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Gravity hot water system

KingEdward
KingEdward Member Posts: 4
I have a customer that would like to switch from oil to natural gas.  They have 3 floors if  gravity radiators. The original tank in the attic has been disabled and there is a steel expansion tank in the basement ceiling.  It also has a pressure reducing valve.  Todays boilers only have 1 1/4 boiler tapings, I'm worried about adding a circulator if the house would not heat as even. I know i would have to add a bypass line or use primary/secondary piping. Should i consider using a steam boiler for the larger tapings converted to water and keep it gravity? The circulator in the photo was a basement zone and will be disconnected. 

Comments

  • Ironman
    Ironman Member Posts: 6,399
    We do gravity conversations frequently and also use a mod/con. They work great together if you know how to marry them.

    Don’t worry about the larger piping sizes: that was only necessary for gravity and pumping it won’t be a problem if everything is sized correctly.

    One thing to look for is orifice plates in the inlets of the upstairs rads. Remove them and put them in the downstairs rads. This is necessary because the flow dynamic has changed from gravity to forced flow.

    Have you done a load calc? That’s a must as well as a radiation survey.
    Bob Boan
    You can choose to do what you want, but you cannot choose the consequences.
    kcoppHVACNUT
  • KingEdward
    KingEdward Member Posts: 4
    Thanks for the comment,  I have read about the restriction plates you mentioned, i have not opened a union as of yet because the job is only in the planning stage.  I did see the valves are only 3/4". A heat calculation will be be done as well. I was trying to make  A decision on whether to keep it gravity or make it a pumped system.
  • Ironman
    Ironman Member Posts: 6,399
    Circulators aren’t that expensive and may actually help system performance.

    The gravity piping is 100+ years old. Over time, the interior of the pipes can become rough and smaller in diameter. That causes the flow to hindered and reduced. Converting it to forced flow eliminates that issue.
    Bob Boan
    You can choose to do what you want, but you cannot choose the consequences.
  • I like the idea of keeping the gravity system and using the larger tappings of a steam boiler, but have never heard of it being done.
    Often wrong, never in doubt.
  • KingEdward
    KingEdward Member Posts: 4
    Converting a steam boiler to hot water isn't very difficult, basically replacing the steam pig tail and pressuretrol with an aquastat.  Replace 15 lb relief valve with 30 pound and gauge to T&P  Gauge. In my case i would not need to add on a circulator.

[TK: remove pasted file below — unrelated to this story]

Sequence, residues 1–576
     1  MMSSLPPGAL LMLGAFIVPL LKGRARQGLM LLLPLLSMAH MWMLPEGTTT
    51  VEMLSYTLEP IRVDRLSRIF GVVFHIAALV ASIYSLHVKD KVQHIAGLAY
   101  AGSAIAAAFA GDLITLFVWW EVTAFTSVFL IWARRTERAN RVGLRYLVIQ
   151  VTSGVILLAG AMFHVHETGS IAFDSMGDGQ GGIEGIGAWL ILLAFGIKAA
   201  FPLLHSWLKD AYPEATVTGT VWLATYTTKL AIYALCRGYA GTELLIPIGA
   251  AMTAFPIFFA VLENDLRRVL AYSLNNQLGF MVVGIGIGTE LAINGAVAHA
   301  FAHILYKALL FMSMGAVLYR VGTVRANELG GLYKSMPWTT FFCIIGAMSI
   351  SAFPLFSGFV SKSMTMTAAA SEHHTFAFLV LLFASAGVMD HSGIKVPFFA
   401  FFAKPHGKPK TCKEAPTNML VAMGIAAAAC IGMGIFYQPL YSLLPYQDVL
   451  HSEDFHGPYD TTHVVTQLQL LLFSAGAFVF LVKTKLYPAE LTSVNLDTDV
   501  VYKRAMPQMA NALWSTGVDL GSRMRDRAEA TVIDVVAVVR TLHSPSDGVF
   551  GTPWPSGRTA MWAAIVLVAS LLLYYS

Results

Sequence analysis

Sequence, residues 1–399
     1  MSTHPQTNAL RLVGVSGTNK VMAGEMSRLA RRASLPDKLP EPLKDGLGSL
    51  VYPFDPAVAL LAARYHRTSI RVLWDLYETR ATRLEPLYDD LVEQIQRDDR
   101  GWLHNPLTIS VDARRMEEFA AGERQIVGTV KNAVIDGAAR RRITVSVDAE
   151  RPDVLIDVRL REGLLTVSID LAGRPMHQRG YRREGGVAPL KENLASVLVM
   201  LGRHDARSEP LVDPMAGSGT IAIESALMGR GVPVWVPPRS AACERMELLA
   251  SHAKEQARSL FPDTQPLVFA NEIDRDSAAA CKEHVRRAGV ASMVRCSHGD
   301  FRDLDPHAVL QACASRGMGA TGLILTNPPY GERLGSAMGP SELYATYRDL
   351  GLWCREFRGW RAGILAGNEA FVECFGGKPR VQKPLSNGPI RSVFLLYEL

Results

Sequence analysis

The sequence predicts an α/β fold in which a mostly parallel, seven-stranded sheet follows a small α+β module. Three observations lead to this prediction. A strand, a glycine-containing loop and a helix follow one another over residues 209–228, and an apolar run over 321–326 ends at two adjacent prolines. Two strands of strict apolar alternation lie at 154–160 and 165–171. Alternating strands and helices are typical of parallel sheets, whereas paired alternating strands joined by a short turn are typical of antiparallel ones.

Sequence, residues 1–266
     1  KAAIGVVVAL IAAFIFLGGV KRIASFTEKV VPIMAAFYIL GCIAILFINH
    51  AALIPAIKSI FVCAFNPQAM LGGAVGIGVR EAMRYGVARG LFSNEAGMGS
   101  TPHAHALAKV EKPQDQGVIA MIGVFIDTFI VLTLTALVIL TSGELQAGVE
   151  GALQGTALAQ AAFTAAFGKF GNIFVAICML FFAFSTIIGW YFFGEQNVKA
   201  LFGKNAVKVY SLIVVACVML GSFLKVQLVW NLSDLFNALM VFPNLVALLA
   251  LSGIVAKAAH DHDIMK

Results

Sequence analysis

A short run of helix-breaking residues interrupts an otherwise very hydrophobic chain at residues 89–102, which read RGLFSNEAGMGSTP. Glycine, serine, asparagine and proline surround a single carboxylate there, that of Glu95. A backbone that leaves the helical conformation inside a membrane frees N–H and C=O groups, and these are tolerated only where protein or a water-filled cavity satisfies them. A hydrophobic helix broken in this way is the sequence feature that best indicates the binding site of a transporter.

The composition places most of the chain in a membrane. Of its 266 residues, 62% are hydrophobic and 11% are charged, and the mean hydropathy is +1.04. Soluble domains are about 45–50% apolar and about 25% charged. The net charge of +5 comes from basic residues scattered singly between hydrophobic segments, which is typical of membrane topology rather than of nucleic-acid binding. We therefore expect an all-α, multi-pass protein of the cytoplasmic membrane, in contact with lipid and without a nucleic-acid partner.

• mattmia2
    mattmia2 Member Posts: 3,429
    You only need to move enough water with the circulator to move the needed amount of heat which is far less than the maximum capacity of those pipes. I don't think the manufacturer would want to warranty a new boiler set up as gravity hot water. Pumped conversion is done all the time. I think there is an Idronics that talks quite a bit about it.
    KingEdward
  • pecmsg
    pecmsg Member Posts: 2,130
    One advantage of a circulator is being able to Zone areas. 
    Another is indirect HW heater. 
  • EBEBRATT-Ed
    EBEBRATT-Ed Member Posts: 9,394
    edited September 10
    @KingEdward

    I would not go back to gravity now, it's forced hot water now. How does it heat with the existing boiler?

    I see at one time it had an HB Smith boiler, they left the old header in place @Jamie Hall

    Do a heat loss calculation. @DanHolohan tells how to do a gravity conversion in one of his books "How Come"

    I would do P/S no matter which boiler I installed.

    I would try the system without touching orifice plates first. Since it's already FHW it may be ok as is
    KingEdward
  • pecmsg
    pecmsg Member Posts: 2,130
    The house were living in HAD Hw Gravity system. I will say most comfortable / Even heating system I've ever seen. Also the most expensive to operate!

    Zone it
    1st floor
    2nd floor
    3rd floor
    Domestic HW
  • I would not go back to gravity now, it's forced hot water now.
    @KingEdward said, "The circulator in the photo was a basement zone and will be disconnected."

    As far as zoning an old gravity system, it's not that easy. One of those take-offs from the header at the boiler may serve radiators on multiple floors.
    Often wrong, never in doubt.
    mattmia2KingEdward
  • Zman
    Zman Member Posts: 6,712
    I say pump it. Buy an antique car if you want a fun project.
    "If you can't explain it simply, you don't understand it well enough"
    Albert Einstein
    Ironman
  • KingEdward
    KingEdward Member Posts: 4
    @EBEBRATT-Ed Thanks for the comment, ill check out the book how come. The system is gravity now not pumped. The circulator is only on a disconnected basement zone. I wasn't interested in making it more that 1 zone. Im only looking for opinion on if it will still heat 3 floors evenly with a circulator.  Ed
  • HVACNUT
    HVACNUT Member Posts: 4,015
    edited September 11
    Primary/Secondary piping, constant circulation, TRV's, ODR, and a regular (STUPID) thermostat. 
    Is that a good combo?
    KingEdwardZmanPC7060